I am delighted that the education charity Human Values Foundation , of which I am proudly a patron, has launched a book of stories from children around the world about the values that inspire them most. The forty stories and many illustrations are drawn from entries to a competition held to mark World Values Day in October last year.

To mark World Values Day on 20th October 2016, the Human Values Foundation issued a global invitation to schools and other organisations involved with the education of children aged from 7 to 11 to take part in a story writing competition.  Children were encouraged to write an original and creative story about their favourite value.

Inspiring stories about values flooded in from around the world.  There were stories from the UK, India, Africa and right across the Middle East – with different perspectives but with one common theme.  All of them showed what a powerful influence positive values have on children’s lives. 

The winning entry was a moving story by Janna, a 10-year-old from Basheer Primary School in the Lebanon, a school run by the United Nations Relief and Works Agency (UNRWA) for Palestinian refugee children. The story, Garden of Hope, is about a group of girls who are determined to rescue an abandoned garden. 

Second place went to a highly inventive story called Hope Saves the World written by Jed, an 8-year-old pupil at St Paul’s Church of England Primary School in London.  It is about a boy who helps the values to battle the “Negitivions” and so save the world. 

In other stories the characters include a dog-hating boy who nevertheless invents a “Love for Dogs Day”, “Little Miss Engineer” whose determination makes her dream of building a train come true, the ugly troll “stinky as a skunk” who just needs a friend to play with, a dew drop called Daniel that saves the forest, the “richest girl in Europe” who finally learns a big lesson, a group of talkative colours that join together to paint a rainbow of happiness, and the moon and a rose who engage in a poetic dialogue.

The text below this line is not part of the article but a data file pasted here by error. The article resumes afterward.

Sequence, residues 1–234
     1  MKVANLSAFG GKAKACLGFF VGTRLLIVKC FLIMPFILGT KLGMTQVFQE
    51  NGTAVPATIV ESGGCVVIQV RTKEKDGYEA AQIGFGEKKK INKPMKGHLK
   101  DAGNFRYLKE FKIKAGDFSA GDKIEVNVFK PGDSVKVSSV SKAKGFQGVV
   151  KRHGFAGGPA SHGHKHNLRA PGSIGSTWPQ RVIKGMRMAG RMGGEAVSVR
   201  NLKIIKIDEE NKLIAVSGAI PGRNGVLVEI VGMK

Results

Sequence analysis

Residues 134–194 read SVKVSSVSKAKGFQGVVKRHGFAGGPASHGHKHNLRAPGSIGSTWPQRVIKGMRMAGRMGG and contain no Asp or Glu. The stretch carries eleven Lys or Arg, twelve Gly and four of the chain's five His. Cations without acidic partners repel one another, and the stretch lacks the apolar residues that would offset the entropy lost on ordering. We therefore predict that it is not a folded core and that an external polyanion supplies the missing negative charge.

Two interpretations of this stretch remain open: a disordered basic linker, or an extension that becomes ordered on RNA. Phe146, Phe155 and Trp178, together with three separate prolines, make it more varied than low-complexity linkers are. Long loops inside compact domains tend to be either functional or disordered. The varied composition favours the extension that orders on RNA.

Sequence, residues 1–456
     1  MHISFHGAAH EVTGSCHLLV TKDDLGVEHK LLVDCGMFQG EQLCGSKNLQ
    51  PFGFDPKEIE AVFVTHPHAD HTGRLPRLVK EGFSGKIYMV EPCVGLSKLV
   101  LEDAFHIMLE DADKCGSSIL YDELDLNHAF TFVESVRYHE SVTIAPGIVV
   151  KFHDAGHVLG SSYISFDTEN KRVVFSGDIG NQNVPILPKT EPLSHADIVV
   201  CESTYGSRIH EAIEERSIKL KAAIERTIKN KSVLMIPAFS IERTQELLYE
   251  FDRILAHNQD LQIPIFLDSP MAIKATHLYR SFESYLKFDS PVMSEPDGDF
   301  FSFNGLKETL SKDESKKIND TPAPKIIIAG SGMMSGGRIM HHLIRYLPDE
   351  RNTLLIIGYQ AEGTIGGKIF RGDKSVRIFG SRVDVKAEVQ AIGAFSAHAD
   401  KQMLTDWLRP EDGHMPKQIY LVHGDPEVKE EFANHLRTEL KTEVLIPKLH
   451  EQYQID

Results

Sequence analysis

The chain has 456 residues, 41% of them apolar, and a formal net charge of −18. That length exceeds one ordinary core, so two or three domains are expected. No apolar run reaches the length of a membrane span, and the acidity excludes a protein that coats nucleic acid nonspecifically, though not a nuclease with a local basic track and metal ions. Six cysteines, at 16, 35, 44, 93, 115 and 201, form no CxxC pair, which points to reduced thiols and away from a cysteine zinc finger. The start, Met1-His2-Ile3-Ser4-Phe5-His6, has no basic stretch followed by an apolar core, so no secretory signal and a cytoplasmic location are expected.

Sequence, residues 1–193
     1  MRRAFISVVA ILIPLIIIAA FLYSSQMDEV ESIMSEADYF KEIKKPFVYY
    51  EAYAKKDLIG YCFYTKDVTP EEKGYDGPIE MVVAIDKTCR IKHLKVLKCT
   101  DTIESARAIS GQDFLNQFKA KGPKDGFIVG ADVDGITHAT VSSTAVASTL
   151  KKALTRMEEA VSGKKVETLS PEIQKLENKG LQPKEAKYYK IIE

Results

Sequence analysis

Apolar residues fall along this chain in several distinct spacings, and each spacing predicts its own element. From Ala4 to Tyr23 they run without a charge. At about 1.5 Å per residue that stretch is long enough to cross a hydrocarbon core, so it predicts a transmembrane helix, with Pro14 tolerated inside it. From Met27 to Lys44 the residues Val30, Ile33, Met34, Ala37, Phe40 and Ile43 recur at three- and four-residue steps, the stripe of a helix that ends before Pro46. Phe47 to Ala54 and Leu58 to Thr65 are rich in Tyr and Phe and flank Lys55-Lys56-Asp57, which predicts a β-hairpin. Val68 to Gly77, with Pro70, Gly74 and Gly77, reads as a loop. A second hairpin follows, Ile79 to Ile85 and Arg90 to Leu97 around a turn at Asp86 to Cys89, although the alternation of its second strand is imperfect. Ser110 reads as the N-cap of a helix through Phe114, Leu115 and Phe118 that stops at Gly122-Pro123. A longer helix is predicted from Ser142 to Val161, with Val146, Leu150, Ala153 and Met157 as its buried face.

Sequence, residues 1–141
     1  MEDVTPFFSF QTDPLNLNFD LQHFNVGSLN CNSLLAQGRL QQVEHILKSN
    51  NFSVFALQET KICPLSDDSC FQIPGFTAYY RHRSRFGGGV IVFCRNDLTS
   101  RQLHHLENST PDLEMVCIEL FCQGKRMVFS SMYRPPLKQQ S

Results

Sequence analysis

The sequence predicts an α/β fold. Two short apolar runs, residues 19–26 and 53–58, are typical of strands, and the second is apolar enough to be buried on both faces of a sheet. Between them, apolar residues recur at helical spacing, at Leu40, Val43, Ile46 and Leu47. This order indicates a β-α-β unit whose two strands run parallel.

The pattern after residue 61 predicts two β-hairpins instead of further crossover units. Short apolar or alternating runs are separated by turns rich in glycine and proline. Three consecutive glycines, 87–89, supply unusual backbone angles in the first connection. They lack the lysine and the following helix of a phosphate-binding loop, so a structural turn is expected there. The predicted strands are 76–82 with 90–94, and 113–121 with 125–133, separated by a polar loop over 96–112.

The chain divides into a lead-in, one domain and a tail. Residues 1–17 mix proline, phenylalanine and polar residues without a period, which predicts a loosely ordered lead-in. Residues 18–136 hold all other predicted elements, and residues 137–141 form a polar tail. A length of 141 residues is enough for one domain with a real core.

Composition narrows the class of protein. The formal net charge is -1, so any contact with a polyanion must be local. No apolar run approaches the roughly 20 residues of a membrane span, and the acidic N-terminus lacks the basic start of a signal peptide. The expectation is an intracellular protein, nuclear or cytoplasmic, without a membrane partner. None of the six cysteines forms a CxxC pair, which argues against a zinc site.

A number of the stories are by children in refugee camps, including an 11-year old at Yarmouk Camp outside Damascus, where intense fighting has killed many residents and driven many others to flee, who writes movingly about her absent friends.

There are also stories set in more peaceful everyday settings - at school or at home - where children learn important lessons about values and how they guide them through life.

Forty of the most powerful stories from the competition, together with beautiful illustrations and drawings, are now being published by the Human Values Foundation in the form of a short book.  Click here to download a free copy.

About the Human Values Foundation

The Human Values Foundation is a UK-registered charity which for over twenty years has been providing to hundreds of schools and educational bodies around the world transformational values-based teaching resources which support the social and emotional development of children and young people.

Our Patrons and Education Advisor
Michael Morpurgo - OBE, FKC, AKC & former Children's Laureate
Prof. Kamran Mofid - PhD & Founding Director of Globalisation for the Common Good Initiative 
Dr Kevin A Auton - PhD & Founder and Managing Director of Aseptika Limited
Sir Anthony Seldon - MA, PhD, FRSA, MBA, FRHisS, FKC
Education Advisor

For further information please contact:

Rosemary Dewan, Chief Executive, Human Values Foundation, at This email address is being protected from spambots. You need JavaScript enabled to view it.

Charles Fowler, Chair of Human Values Foundation, at This email address is being protected from spambots. You need JavaScript enabled to view it.

For further reading on the positive power of storytelling see:

Storytelling for the Common Good: Telling our Stories, Sharing the Wisdom

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